Stories aim to encourage female uptake of arts and science

Two-time Nobel prizewinner Marie Skłodowska-Curie kicks off project to get women and girls into science and arts


Every week between now and March, the Europeana culture website is publishing the story of a remarkable woman from the history of the arts and sciences, in an effort to inspire women and girls to follow in their footsteps.

“How much better would Europe be if girls and women felt empowered to dream big and aim high across professional fields from art to science?” the EU’s Digital Commissioner Mariya Gabriel said when announcing the launch.

“Having role models will help them build these dreams.”

The stories, which will be preserved as an online exhibition, come as new data indicates that fewer women are learning digital skills and taking up careers that require them.

“Today we need to empower and inspire girls and women everywhere in Europe to innovate, discover and create especially in the digital sector,” Gabriel said.

“The online exhibition I launch today in cooperation with Europeana is about pioneering women from our history whose stories are vastly different, but have one thing in common: these fearless women changed the world with their passion and hard work.”

The series launched with the story of Marie Skłodowska-Curie, the Polish researcher who – together with her husband Pierre – discovered the elements Polonium and Radium and pioneered work on radioactivity.

Marie and Pierre shared the 1903 Nobel Prize for Physics for their discoveries. Pierre died in 1906, but Marie then won the Nobel Prize for Chemistry in 1911, for coming up with a way to measure radioactivity.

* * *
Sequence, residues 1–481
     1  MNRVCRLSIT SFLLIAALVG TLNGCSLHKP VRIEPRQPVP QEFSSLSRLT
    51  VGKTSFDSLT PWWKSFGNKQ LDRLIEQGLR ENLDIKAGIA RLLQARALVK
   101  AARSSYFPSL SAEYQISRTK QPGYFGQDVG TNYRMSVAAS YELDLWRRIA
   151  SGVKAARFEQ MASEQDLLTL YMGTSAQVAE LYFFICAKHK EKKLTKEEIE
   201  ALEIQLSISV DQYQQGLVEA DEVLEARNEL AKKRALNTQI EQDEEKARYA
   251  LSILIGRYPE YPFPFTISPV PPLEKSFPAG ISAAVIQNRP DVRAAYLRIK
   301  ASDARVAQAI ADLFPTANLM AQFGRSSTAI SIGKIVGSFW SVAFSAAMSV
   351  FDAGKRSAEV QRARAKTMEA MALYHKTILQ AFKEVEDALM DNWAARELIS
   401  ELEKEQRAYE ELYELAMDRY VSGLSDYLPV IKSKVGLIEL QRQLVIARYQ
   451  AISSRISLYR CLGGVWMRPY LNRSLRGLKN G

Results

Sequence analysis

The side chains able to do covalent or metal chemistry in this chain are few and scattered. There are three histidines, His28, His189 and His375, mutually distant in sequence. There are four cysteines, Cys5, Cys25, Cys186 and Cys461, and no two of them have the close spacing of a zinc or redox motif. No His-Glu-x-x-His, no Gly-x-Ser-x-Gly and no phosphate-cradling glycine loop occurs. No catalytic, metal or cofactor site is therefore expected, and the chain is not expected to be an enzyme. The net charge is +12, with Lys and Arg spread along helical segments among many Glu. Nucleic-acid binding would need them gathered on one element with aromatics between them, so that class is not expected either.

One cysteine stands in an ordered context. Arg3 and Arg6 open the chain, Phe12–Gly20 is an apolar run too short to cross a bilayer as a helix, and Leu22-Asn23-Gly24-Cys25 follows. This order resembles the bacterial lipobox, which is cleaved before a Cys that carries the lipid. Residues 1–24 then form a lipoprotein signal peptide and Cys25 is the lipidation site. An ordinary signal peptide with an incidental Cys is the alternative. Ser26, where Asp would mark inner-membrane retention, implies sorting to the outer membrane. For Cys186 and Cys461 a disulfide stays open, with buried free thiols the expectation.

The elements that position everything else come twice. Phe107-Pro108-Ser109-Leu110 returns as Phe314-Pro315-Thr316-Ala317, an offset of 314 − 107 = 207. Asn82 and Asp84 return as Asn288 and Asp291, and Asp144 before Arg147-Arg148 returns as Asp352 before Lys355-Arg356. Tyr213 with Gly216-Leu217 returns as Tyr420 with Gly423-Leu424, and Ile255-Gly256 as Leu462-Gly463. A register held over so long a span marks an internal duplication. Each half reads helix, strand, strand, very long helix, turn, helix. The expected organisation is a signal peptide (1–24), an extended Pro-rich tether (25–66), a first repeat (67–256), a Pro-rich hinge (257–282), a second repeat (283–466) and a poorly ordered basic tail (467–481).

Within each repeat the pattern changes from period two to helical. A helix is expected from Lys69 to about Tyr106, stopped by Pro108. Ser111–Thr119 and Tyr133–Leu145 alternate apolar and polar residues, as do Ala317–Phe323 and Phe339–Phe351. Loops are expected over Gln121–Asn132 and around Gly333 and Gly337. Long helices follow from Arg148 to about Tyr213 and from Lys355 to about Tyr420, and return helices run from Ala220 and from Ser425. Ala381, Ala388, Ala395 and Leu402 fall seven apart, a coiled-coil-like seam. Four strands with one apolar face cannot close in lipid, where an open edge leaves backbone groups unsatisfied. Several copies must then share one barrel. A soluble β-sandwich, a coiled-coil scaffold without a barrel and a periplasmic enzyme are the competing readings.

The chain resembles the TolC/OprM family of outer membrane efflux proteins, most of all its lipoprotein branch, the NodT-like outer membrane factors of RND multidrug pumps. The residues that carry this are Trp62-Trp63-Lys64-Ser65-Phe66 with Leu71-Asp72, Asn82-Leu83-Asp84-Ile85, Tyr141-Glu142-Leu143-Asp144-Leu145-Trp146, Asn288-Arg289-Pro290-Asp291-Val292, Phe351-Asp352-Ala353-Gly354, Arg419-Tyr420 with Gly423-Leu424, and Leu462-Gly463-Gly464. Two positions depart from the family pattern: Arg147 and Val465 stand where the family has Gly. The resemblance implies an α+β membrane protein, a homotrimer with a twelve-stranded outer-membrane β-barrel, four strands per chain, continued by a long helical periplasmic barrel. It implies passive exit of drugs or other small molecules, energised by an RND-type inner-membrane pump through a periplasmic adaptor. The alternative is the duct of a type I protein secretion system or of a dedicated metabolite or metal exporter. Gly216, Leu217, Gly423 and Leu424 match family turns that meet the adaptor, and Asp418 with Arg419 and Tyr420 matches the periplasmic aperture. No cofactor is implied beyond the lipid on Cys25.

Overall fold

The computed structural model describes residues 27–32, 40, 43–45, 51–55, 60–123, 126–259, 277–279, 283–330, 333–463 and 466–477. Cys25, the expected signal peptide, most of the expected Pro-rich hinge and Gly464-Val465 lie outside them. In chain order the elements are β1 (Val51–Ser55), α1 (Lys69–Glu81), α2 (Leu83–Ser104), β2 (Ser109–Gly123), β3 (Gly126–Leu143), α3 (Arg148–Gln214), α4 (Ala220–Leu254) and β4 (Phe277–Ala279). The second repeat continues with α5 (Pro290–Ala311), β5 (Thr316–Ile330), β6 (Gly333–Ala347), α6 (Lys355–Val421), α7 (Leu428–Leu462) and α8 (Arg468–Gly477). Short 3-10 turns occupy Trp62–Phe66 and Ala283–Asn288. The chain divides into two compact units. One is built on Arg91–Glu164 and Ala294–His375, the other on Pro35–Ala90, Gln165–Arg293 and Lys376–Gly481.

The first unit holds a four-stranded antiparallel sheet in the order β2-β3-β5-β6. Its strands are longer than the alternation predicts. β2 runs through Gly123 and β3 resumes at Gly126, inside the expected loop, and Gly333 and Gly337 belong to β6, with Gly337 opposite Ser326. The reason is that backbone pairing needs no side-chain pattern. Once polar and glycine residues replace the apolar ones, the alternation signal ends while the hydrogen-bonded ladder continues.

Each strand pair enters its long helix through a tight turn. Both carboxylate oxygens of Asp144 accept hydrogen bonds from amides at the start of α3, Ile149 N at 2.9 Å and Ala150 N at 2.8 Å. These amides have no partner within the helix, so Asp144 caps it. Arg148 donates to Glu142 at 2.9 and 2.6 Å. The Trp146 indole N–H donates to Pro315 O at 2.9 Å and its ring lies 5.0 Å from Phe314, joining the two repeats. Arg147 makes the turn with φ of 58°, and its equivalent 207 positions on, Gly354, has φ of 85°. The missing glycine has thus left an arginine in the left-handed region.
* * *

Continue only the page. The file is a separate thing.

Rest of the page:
She was the first person ever to win two Nobel Prizes, and remains the only person to have won Nobel Prizes in two different scientific fields.

Women were not allowed to study at university in Poland in Marie’s time, so she “studied clandestinely at Warsaw’s Uniwersytet Latający (‘Flying University’), a secret underground educational network”, her story says.

Later studying at the Sorbonne in Paris, “she earned two degrees – one in maths and one in physics, studying by day and tutoring by night to pay for her education”.

The identities of the other women featured in the exhibition are not being revealed until their stories are published.

The exhibition has been made possible by the digitisation of records from Europe’s museums and libraries, the EU’s implementing body the European Commission said.

Words: Craig Nicholson
Photo: Wellcome Collection, CC BY

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